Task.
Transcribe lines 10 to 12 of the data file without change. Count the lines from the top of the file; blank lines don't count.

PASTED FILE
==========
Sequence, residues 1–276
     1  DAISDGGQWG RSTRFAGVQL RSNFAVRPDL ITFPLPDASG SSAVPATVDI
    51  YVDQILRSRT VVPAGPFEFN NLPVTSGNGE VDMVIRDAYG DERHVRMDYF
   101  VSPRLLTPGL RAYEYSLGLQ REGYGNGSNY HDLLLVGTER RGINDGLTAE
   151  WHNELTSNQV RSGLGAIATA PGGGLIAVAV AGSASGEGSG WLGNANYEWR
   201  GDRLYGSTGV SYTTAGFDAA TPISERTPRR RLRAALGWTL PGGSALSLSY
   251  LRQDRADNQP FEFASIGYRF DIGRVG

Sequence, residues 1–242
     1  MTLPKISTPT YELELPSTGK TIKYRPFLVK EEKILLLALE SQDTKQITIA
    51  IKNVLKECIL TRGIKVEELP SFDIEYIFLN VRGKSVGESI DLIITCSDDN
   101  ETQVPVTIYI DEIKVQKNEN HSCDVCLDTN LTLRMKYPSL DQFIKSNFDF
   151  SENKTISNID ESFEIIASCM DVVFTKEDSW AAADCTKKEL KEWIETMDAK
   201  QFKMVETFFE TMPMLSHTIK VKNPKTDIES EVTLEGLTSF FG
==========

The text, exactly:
    51  IKNVLKECIL TRGIKVEELP SFDIEYIFLN VRGKSVGESI DLIITCSDDN
   101  ETQVPVTIYI DEIKVQKNEN HSCDVCLDTN LTLRMKYPSL DQFIKSNFDF
   151  SENKTISNID ESFEIIASCM DVVFTKEDSW AAADCTKKEL KEWIETMDAK